The figure we are discussing with the Soviets is somewhat higher than the Lome price -- which is between $400-570 a ton -- and a little bit less than our asking price.

With respect to oil, the price we have paid the Soviets has also not been subsidized. On the contrary, in the contract we have had since 1985 that ends this year, we paid a price based on an average over a five-year period. In some years, that was bad business for Cuba because we paid a price higher than the world market. But we didn't protest, because we considered adequate the prices the Soviets paid us for Cuban sugar.

We had planned to continue this formula, but now oil prices are subject to the volatile situation in the Persian Gulf. We did not know that oil would exceed $40 a barrel, and might reach as high as $100 a barrel.

So an agreement must be reached with the Soviets. Otherwise, Cuba -- or anybody else in the developing world -- cannot buy Soviet oil. We simply cannot afford it.


As a consequence of the uncertainty in their economy, the Soviets have told us that they are not going to negotiate a new five-year program in 1991 in regard to oil. Rather, we will come to an agreement for 1991, and in 1992 we will discuss the next four years. As a consequence, Cuba is prepared to consume the minimum amount of oil.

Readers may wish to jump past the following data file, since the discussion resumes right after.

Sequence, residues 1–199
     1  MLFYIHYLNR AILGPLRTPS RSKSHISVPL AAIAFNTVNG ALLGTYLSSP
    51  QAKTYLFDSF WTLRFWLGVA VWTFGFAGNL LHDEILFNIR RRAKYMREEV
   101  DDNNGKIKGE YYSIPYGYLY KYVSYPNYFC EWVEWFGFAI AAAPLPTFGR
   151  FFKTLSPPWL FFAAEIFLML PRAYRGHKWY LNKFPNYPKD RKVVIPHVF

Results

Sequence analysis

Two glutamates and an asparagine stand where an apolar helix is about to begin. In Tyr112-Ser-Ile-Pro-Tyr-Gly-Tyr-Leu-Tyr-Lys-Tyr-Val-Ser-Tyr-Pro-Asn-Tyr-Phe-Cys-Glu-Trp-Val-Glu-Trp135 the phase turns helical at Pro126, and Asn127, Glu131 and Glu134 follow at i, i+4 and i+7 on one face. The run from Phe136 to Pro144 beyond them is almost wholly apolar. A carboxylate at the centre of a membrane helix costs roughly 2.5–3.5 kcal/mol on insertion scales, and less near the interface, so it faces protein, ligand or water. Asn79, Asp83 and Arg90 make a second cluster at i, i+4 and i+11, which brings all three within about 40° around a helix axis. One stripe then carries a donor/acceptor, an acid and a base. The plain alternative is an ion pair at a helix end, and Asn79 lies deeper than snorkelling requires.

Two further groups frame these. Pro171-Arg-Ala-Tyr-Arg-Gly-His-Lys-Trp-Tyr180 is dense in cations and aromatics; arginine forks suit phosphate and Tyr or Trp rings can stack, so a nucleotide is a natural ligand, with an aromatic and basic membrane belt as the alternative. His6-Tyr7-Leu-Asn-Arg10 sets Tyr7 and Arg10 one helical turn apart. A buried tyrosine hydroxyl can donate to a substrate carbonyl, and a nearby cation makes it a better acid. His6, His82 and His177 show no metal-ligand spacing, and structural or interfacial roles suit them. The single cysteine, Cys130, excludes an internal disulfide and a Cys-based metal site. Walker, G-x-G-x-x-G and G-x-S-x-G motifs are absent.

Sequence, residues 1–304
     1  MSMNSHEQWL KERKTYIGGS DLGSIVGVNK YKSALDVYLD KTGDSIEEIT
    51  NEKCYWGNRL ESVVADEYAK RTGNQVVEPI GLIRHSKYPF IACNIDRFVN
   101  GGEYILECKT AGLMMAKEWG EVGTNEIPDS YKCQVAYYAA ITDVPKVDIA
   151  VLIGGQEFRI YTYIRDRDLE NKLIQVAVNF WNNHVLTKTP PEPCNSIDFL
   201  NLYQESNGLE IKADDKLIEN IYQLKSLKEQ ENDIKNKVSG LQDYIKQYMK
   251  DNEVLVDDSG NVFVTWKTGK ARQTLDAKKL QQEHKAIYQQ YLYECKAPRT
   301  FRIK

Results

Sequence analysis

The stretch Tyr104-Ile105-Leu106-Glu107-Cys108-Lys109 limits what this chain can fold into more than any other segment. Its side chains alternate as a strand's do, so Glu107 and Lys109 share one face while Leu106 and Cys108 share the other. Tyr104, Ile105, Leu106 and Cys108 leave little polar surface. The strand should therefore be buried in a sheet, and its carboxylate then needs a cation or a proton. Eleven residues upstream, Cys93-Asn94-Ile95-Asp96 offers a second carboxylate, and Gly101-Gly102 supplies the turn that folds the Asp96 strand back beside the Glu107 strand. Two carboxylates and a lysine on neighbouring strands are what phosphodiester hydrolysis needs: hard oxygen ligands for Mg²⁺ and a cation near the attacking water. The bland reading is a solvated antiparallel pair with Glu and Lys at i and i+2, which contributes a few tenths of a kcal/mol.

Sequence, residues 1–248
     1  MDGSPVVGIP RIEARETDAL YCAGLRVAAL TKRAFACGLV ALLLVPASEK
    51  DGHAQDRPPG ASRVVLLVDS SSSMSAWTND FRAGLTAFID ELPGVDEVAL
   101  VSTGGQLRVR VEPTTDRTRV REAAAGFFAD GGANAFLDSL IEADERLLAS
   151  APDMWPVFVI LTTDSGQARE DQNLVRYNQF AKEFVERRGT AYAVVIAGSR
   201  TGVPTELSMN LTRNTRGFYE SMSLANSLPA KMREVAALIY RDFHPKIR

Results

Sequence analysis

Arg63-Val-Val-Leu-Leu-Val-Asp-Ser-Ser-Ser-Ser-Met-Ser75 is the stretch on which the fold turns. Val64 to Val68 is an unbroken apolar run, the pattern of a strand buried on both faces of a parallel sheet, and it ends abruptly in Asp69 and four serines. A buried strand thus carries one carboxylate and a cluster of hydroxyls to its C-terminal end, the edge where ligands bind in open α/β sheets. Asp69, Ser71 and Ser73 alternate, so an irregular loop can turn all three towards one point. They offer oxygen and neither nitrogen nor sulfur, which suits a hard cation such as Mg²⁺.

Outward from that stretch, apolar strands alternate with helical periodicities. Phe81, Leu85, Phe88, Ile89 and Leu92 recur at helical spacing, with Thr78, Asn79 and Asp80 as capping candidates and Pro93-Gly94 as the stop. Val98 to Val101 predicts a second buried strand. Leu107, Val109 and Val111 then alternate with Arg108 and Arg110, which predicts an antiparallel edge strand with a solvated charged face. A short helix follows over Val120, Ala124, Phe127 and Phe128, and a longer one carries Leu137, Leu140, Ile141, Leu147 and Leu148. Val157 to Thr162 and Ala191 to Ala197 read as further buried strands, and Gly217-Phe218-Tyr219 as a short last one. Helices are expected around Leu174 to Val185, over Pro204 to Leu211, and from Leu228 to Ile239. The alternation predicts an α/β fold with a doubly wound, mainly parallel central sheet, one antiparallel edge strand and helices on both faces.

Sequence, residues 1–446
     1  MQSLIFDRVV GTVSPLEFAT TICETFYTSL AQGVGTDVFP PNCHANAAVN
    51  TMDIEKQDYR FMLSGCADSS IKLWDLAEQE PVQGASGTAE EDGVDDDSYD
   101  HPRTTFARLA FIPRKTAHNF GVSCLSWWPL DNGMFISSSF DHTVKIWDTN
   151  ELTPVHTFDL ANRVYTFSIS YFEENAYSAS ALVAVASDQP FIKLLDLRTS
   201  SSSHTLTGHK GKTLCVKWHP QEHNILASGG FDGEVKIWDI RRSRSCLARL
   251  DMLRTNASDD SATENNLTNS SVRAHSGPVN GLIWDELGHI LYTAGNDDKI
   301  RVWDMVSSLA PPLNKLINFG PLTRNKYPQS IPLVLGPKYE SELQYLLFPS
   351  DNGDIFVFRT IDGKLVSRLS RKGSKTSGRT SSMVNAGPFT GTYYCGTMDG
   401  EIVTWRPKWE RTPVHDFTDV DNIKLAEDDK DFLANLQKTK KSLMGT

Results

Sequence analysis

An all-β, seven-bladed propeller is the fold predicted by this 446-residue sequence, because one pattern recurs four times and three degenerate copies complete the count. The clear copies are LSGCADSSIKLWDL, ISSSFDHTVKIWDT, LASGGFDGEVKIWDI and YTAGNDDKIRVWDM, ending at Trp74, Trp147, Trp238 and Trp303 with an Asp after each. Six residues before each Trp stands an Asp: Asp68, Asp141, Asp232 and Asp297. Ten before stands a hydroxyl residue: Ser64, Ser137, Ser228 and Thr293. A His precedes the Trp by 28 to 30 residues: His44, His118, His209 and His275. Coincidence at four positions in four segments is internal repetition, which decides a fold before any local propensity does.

Already you will notice fewer cars in our streets as a result of fuel rationing, and less use of electric lights at night. We are also concentrating on energy efficiency and the improvement of the ratio of fuel-burning equipment employed to essential agricultural production.

Today, for example, Cuba has about 90,000 tractors. When I was minister of agriculture during the early stages of the revolution, we had about 5,000. Yet we do not have 18 times more production. Therefore, we are now reducing the number of tractors and replacing them with oxen, as well as asking more people to work in the countryside to improve the output of agricultural cooperatives in an energy-efficient way.

I have been asked if this program means the "ruralization" of Cuban society. But we are not Cambodians. Despite the reduction in tractor use, for example, we are going to maintain 6,000 sugar-cane harvesting machines because they are efficient: they mean the difference between 350,000 cane cutters and only 70,000.

We are not forcing people from the cities into the countryside. Only those who want to live there will go.

Cuba today is in a difficult moment because reactionary Cubans in Miami, the mentally colonized ones, think the Cuban Revolution is going to collapse. When Romania's Nicolae Ceausescu was killed, they thought this foretold the death of Fidel Castro. But this expectation has changed. They now know they can't expect Fidel to fall.


Still, they don't believe Cuba can withstand the economic disaster resulting from perestroika, the collapse of the Eastern European socialist countries and the brutal pressure of the U.S. trade embargo -- which we have seldom felt more intensely.

When they finally realize that this hope is useless, a new period will begin -- a period when normalization of relations with the United States will again be on the agenda.

Carlos Rafael Rodriguez is vice president of Cuba, a post he has held since 1976. One of Cuba's original communist leaders, he has been Fidel Castro's right-hand man for 30 years. For many years, he has overseen Cuba's crucial relationship with the Soviet Union.